UDOT looks at a major construction project that impacts Salt Lake Valley

SALT LAKE COUNTY, Utah -- UDOT is looking at a major construction project that would impact nearly everyone in the Salt Lake Valley.

They could widen I-15 for almost the entire length of the valley from Salt Lake to Draper.

“The traffic is totally jammed up,” said Bountiful resident Jenille Fairbanks.

While she drives against traffic, she passes the worst areas of the backup, and watches the stalled cars heading southbound.

“I try to avoid it,” said Geri Mackie, who lives in Midvale.

As Salt Lake County continues to grow, UDOT’s been studying the area.

They have a few ideas on how to ease the commuting pain before it gets even worse.

Zach Whitney, Communications Specialist for UDOT, said they are proposing adding a southbound lane to I-15, from 201 in Salt Lake City down to 12300 South in Draper.

“This is something that we've been looking at to try and relieve some of that congestion,” Whitney said.

Another component, Whitney said, would include improvements to the I-15 and I-215 interchange. They would re-configure the southbound onramp onto I-15 from both directions of I-215.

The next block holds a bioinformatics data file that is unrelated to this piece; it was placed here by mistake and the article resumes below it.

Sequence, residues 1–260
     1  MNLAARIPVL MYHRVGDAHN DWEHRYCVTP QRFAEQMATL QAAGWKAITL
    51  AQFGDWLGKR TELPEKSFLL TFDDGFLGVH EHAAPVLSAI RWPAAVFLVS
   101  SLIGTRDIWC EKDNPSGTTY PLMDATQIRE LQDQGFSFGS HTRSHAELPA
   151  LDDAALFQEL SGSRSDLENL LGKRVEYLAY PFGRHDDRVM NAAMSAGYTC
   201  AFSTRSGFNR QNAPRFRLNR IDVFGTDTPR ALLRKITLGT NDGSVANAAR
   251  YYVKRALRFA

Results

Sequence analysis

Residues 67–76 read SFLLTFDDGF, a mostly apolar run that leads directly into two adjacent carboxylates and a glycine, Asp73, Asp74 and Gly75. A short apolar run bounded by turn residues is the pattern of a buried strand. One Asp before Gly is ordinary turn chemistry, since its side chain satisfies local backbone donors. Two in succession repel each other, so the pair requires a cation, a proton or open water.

The project also includes widening 7200 South in Midvale to add a lane in each direction, from I-15 to Bingham Junction Boulevard.

Whitney said this is, “also an area that has seen unprecedented growth over the last few years.”

Commuters who travel that road certainly feel the busyness.

“Often times in the morning, there is just a big back up,” said Fairbanks, who works nearby.

Mackie said the traffic is caused by the new residents who moved in and the new businesses.

So far, Whitney said this has all been in the study phase.

But now, they’re ready to unveil the idea to the public and get feedback.

On Wednesday, UDOT is hosting an open house to present the project to the public at the Midvale Senior Center from 5 p.m. to 7 p.m.

Whitney said they’ll eventually draw up designs, and he expects construction to kick off in 2018.

Drivers like Fairbanks hope it will bring relief.

“It would be great in the end,” Fairbanks said.

They just won’t be looking forward to the massive construction.

“It's just during the process that's the struggle,” Mackie said. “But I guess at some point, if you are sitting in traffic-- they might as well be improving it."